The European Federation of Academies of Sciences and Humanities (ALLEA) have published a statement on the relations of the intellectual property (IP) law and open science in April. The statement concludes that, while the IP law provides a framework in which open science can operate, the patent law is not up to the standards of open science, therefore ALLEA calls for its modernisation.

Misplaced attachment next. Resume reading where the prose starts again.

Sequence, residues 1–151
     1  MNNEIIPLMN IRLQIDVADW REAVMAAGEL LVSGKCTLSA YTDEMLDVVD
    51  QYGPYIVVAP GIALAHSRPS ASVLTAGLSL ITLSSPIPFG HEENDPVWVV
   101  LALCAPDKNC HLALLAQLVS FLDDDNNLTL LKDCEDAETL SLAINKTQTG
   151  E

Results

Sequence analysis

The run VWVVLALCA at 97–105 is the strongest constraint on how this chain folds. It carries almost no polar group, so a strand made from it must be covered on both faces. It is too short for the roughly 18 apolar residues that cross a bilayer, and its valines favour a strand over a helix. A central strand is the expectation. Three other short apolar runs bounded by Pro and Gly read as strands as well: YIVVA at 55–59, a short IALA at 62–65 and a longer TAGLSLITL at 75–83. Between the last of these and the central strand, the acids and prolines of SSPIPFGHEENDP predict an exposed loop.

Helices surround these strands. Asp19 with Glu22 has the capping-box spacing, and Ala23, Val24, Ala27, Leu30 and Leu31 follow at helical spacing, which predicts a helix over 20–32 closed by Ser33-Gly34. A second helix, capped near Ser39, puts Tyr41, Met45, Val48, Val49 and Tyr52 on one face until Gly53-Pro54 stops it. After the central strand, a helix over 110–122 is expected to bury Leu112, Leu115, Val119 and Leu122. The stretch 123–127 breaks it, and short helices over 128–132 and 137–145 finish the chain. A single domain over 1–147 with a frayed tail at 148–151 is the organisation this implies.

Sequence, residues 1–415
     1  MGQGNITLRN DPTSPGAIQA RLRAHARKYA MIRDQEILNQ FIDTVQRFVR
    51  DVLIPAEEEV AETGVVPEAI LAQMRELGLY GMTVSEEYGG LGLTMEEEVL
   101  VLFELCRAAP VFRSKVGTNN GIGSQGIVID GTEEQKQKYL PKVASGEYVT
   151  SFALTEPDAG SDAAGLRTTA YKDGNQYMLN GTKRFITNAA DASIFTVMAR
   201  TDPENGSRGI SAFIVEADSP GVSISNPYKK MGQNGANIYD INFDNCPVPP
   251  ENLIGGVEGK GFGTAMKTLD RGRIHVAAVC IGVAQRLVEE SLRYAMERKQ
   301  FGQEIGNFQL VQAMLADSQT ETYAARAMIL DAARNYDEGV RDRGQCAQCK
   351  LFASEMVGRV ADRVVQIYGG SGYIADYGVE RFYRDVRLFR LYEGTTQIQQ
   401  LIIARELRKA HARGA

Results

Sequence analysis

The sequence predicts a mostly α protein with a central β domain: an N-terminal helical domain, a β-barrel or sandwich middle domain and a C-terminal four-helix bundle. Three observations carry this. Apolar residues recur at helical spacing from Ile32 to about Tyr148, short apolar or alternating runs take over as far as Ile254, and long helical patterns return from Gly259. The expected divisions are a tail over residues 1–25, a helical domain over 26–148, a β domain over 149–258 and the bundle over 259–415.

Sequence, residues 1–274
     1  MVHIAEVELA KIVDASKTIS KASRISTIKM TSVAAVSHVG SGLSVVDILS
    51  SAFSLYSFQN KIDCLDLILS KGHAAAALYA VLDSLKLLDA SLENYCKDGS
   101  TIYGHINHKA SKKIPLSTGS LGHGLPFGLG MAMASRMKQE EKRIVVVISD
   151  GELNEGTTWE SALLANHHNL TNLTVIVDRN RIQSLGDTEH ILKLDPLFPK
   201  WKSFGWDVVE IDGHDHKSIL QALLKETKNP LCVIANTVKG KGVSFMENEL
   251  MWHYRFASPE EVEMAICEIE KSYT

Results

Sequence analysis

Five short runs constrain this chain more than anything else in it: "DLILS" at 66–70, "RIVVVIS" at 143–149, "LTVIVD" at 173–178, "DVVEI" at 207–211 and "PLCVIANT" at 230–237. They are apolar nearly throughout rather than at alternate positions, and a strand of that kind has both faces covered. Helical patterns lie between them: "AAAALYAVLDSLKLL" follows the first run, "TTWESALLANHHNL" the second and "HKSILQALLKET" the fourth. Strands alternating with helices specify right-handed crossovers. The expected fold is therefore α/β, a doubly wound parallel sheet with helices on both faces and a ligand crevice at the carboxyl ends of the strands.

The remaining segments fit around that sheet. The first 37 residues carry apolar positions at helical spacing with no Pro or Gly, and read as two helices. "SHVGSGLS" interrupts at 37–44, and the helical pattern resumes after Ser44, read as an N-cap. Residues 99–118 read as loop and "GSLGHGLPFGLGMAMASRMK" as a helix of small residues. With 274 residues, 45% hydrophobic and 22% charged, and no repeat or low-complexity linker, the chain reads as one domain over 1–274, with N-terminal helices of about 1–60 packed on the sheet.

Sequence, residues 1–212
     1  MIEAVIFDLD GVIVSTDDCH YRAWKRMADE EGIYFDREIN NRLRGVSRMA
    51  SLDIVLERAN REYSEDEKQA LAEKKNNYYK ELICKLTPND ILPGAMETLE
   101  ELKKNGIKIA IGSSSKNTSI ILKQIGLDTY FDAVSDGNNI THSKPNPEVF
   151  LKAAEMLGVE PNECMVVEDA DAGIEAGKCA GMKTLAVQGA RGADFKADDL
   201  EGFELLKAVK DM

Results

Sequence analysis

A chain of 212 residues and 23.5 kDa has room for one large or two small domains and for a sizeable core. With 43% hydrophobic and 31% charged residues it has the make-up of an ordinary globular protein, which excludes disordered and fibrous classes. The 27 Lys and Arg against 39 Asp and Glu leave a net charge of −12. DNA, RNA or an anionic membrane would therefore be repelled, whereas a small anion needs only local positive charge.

The report states that, in order to align with open science principles, greater clarity about non-commercial knowledge use and the introduction of “grace periods” of at least one year allowing open publication are needed. In addition, ALLEA states that public funding should not be substituted by patent income, and only used as a potentially useful supplement. Lastly, the statement criticises the use of patent activity as an evaluation method. It argues that using it as such may incentivise collecting non-performing patents, the prioritisation of which brings no benefits, and wastes resources.